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IUD with Hormone--Mirena
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What is Mirena?
Mirenaô (levonorgestrel-releasing intrauterine system) is a unique form of long-acting birth control that is inserted into the uterus by your doctor or practitioner and lasts up to five years.
∑ Small, T-shaped frame is made of soft, flexible plastic about the size of a quarter
∑ Placed in your uterus by your healthcare provider during a routine office visit
∑ Continuously releases a very small amount of levonorgestrel (a hormone commonly found in some birth control pills)
∑ Prevents pregnancy for up to 5 years or until removed

Who can use Mirena?
Mirena is most appropriate for women who:
∑ Have had at least 1 child
∑ Are looking for an effective, reversible form of birth control that's easy to use
∑ Are in a monogamous relationship

How does Mirena work?
There is no single explanation of how Mirena works.

Mirena may:
∑ Block sperm from reaching or fertilizing your egg
∑ Make the lining of your uterus thin
∑ Stop the release of your egg from your ovary, but this is not the way it works in most cases. We do not know which of these actions is most important for preventing pregnancy and most likely all of them work together.

Is Mirena safe and effective?
Over the past 14 years, Mirena has been used successfully by more than 7 million women worldwide. It is 99.9% effective and has been approved by the FDA for use in the US since 2001. By 1 year of use, there is a 90% reduction in menstrual bleeding and about 20% of users have no bleeding or spotting at all.

How is Mirena inserted?
Mirena is placed in your uterus by your healthcare provider during a routine office visit. Your healthcare provider will:
∑ Clean your vagina and cervix with an antiseptic solution
∑ Insert a thin tube of flexible plastic containing Mirena into your vagina and then into your uterus
∑ Check to make sure Mirena is positioned correctly
∑ Withdraw the plastic tube, leaving Mirena in your uterus
∑ Trim the removal strings to the proper length
The procedure for placing Mirena in your uterus takes only a few minutes.
Most women experience some discomfort while Mirena is being placed in your uterus. Uterine cramps, which feel like menstrual cramps, and dizziness may also occur, but typically disappear within a day or two.

How will Mirena affect my period?
At first, you may experience spotting (a small amount of blood loss) or light bleeding requiring sanitary protection in addition to your monthly period.
∑ This usually occurs during the first 3 to 6 months after Mirena is placed
∑ During this time, your period may become irregular
∑ A few women may have heavy or prolonged bleeding during this time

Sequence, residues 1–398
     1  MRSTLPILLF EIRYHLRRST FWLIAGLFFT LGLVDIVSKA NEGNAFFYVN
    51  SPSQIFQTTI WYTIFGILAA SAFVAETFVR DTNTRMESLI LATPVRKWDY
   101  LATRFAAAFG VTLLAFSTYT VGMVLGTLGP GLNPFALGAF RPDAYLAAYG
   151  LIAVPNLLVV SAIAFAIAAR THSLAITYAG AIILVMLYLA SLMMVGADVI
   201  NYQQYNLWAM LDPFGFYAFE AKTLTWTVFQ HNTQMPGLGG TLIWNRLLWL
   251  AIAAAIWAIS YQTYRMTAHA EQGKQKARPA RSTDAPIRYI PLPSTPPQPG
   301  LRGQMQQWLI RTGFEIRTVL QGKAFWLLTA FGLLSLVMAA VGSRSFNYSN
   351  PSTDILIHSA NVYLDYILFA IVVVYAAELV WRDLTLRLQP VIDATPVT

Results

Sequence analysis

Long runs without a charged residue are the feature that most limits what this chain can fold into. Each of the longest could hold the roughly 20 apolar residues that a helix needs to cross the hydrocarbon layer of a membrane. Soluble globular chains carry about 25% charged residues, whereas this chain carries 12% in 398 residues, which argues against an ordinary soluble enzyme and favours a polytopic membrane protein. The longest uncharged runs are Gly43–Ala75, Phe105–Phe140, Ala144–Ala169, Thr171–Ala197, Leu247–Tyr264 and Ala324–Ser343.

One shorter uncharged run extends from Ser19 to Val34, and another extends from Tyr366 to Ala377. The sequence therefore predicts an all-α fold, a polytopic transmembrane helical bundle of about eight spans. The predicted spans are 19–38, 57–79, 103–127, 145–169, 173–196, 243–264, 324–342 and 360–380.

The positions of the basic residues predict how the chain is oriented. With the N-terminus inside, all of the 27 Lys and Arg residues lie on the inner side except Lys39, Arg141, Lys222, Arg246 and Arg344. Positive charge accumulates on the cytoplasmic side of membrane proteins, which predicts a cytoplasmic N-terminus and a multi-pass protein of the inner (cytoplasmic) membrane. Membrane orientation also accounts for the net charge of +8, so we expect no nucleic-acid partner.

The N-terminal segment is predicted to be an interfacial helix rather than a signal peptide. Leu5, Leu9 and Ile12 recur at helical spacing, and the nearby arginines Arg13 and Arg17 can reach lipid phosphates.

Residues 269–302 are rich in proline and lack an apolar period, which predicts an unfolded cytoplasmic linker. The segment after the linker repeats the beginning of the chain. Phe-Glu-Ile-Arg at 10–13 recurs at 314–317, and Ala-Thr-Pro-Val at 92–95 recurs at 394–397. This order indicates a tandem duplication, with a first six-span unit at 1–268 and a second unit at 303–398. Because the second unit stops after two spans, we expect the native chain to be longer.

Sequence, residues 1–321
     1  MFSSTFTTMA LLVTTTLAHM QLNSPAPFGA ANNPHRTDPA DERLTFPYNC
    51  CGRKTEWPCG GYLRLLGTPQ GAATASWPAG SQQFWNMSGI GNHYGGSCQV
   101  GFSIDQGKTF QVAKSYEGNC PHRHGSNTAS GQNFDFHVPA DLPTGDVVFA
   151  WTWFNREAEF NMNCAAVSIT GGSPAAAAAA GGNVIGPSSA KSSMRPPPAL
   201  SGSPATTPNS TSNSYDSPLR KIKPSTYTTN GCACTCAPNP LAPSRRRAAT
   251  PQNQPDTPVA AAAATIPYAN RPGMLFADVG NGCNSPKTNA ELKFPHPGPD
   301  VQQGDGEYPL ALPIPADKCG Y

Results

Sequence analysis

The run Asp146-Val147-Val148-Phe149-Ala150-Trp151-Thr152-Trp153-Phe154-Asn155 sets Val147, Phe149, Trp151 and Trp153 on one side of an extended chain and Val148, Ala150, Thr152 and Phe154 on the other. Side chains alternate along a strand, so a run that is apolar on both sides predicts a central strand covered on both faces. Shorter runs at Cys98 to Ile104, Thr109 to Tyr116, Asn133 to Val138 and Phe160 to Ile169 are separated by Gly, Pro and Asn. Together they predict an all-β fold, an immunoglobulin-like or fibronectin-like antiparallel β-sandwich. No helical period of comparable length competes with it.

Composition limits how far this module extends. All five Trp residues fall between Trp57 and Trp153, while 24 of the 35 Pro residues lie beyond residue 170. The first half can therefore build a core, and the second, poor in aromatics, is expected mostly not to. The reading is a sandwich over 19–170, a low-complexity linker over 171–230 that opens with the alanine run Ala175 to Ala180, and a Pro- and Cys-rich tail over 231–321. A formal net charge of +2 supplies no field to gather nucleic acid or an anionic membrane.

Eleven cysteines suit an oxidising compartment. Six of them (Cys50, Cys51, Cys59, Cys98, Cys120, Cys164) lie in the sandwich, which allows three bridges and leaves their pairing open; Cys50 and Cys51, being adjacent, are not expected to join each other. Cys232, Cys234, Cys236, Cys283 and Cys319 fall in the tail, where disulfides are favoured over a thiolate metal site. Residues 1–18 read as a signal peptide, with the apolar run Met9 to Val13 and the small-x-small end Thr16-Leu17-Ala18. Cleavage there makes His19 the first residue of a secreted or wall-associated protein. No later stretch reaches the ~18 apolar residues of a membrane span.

After this brief adjustment period, your number of bleeding days is likely to decrease, and your periods may even stop altogether. By 1 year of use, there is a 90% reduction in menstrual bleeding and about 20% of users have no bleeding or spotting at all.

Is it abnormal not to have periods?
Not having your period while you are using Mirena is not abnormal or harmful. Mirena may cause your periods to stop because:
∑ The levonorgestrel in Mirena reduces the monthly thickening of the lining of your uterus
∑ Less thickening means less menstrual flow
∑ Eventually, your menstrual flow may stop completely
∑ Once Mirena is removed, your menstrual cycle will return to the way it was before you used Mirena
During the first 6 weeks of use, you should contact your healthcare provider to rule out pregnancy if you do not get your period or if you have other symptoms of pregnancy.

How will my healthcare provider know whether Mirena is right for me?
Choosing the best birth control method is a personal decision that should be made by a woman in partnership with her healthcare provider. To help you make the right choice about Mirena, your healthcare provider will need to know whether you:
∑ Are in a stable relationship in which both you and your partner are not having sex with other people
∑ Have ever had a pelvic infection (referred to as pelvic inflammatory disease or PID)
∑ Recently had a baby or are breast feeding
∑ Are diabetic
∑ Were born with heart disease or have heart valve problems
∑ Have problems with blood clotting or take medicine to reduce blood clotting

Advantages of Mirena
∑ Highly effective, 99.9%
∑ Lasts for five years
∑ Menstrual flow may lighten or disappear
∑ May help prevent ovarian and endometrial cancer
∑ Less expensive than most methods because it lasts 5 years.

Disadvantages of Mirena
∑ Can be expensive at time of insertion without insurance coverage
∑ May cause irregular bleeding or loss of periods, which some women donít like
∑ May cause cramping, usually in the first 6 months
∑ Must be inserted by a health care provider.
∑ No protection against STDís

How can I get Mirena?
Mirena must be inserted by a health care provider in the office. We recommend contacting your primary health care provider or locating a family planning center in your area. For more information see

Birth Control Pill Hormonal Injections IUD The Male Condom Spermicide Vaginal Barriers Emergency Contraception Rhythm Method

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